That all being said, I won’t tell you the whole story here in my review of Elvis Presley’s life, in fact, the film doesn’t entirely do so 100% accurately, but I will say that this film does manage to do one fantastic job of telling the story [as best as possible] and is an absolute must-see film for any fan of Elvis or those curious about the man, his life, and the music he performed.
Movie Rating: 4.75 (out of 5)
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“Elvis”  on 4K UHD Blu-ray is presented in the 2.39:1 aspect ratio with HDR10, Dolby Vision, and HDR10+ forms of high dynamic range. The movie was shot digitally in 4.5K and 6.5K resolutions using the Arri Alexa 65 and Arri Alexa LF cameras with special Panavision Primo, Sphero 65, T-Series “Elvis” and Petzval Lenses. Essentially, what Baz Luhrmann describes is that they used different lenses for the three different decades that are primarily focused on Elvis Presley’s life here. The director actually said the following (below) in one of the extras included with this release.
“We shot on 50s lenses, for the 50s, and then when we got into the 60s and 70s we went anamorphic because that was the go to lensing of the 70s.” — Baz Luhrman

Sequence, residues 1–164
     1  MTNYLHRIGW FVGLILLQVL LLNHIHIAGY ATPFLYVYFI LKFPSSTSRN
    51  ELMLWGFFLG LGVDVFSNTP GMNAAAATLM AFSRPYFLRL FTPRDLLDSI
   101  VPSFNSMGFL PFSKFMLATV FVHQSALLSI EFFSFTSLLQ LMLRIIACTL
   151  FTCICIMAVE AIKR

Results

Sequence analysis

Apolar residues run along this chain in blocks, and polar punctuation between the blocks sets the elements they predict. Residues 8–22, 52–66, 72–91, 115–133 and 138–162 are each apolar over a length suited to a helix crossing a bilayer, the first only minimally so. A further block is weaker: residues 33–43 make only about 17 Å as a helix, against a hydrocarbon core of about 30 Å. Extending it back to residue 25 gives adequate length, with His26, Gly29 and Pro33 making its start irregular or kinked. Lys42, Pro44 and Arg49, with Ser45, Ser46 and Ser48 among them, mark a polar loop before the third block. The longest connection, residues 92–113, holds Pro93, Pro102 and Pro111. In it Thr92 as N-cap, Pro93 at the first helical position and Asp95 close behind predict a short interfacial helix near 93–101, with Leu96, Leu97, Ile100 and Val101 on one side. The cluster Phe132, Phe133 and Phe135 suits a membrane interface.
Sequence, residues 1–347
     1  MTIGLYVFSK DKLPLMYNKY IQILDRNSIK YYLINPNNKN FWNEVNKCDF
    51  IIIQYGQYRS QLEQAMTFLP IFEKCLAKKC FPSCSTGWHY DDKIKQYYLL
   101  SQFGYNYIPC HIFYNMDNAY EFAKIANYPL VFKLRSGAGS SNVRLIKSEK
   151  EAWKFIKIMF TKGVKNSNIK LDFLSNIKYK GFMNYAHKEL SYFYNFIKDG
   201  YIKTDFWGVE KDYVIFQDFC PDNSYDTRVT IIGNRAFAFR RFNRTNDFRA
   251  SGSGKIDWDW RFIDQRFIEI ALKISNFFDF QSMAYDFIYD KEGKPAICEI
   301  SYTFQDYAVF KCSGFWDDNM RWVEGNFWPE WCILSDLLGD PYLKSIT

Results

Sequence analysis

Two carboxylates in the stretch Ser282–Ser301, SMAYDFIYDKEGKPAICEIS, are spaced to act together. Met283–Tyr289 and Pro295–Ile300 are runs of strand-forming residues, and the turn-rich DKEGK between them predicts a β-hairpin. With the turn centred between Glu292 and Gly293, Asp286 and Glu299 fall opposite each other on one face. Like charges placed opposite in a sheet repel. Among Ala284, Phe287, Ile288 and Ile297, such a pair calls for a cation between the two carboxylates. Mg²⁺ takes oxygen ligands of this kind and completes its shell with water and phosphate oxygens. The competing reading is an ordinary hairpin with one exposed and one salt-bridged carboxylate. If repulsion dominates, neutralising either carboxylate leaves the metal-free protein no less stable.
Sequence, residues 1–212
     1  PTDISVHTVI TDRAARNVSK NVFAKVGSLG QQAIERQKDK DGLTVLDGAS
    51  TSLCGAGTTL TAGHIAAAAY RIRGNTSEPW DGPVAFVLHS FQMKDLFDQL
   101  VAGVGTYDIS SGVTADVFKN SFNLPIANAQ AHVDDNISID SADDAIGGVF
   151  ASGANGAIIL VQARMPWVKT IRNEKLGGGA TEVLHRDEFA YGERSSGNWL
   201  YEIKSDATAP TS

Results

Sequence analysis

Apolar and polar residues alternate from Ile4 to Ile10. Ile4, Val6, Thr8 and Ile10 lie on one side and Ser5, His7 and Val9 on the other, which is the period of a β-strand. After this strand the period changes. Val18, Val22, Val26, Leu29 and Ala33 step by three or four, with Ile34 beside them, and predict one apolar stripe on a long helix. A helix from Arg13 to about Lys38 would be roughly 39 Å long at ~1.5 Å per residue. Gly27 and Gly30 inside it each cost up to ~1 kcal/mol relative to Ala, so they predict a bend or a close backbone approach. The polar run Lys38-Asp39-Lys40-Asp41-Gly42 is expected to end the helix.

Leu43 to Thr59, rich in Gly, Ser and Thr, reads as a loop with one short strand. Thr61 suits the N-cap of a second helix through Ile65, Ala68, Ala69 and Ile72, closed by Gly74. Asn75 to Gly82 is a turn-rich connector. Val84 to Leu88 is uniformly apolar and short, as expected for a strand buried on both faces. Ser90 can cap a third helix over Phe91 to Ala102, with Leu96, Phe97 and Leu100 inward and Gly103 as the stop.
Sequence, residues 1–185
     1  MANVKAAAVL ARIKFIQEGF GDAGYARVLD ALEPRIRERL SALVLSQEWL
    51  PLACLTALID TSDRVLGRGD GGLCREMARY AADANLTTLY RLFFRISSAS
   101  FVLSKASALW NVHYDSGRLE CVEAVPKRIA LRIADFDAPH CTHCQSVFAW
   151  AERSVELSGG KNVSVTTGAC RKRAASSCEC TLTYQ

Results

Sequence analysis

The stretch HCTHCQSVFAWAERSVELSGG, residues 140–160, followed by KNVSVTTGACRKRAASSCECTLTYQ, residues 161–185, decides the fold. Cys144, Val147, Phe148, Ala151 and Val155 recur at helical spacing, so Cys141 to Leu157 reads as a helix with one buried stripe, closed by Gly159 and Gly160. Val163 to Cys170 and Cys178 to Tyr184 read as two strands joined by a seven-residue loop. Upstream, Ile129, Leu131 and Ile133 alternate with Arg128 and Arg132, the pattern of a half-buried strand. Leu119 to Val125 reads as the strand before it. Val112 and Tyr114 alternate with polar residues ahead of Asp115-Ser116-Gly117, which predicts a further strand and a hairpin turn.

So, that means first with the 1950s, then with the 1960s and 1970s decades the lenses changed to give it a unique visual style. The movie then received a 4K DI (digital intermediate) master.
Next, let me get technical, for a good bit here, regarding the 4K UHD Blu-ray Disc itself. This release is using a BD-100 (100 gigabytes) disc, 80.47 gigabytes total, and 78.4 gigabytes for the film itself. Based on my observations via my 4K UHD Blu-ray player, this runs bitrates as high as 85 to 100Mbps roughly what I saw it peak at. It can also drop to bitrates as low as 39Mbps at times, however, it mostly cruises around 50 to 60Mbps for the majority of the movie. In fact, to further back that up, from the PC side of things I was able to tell that the file for the film is using 60.6 Mb/s as an average bitrate. That is really not at all bad, as it does enough to certainly get the job done and considering that this is after all a 2-hour 39-minute movie and is using a BD-100.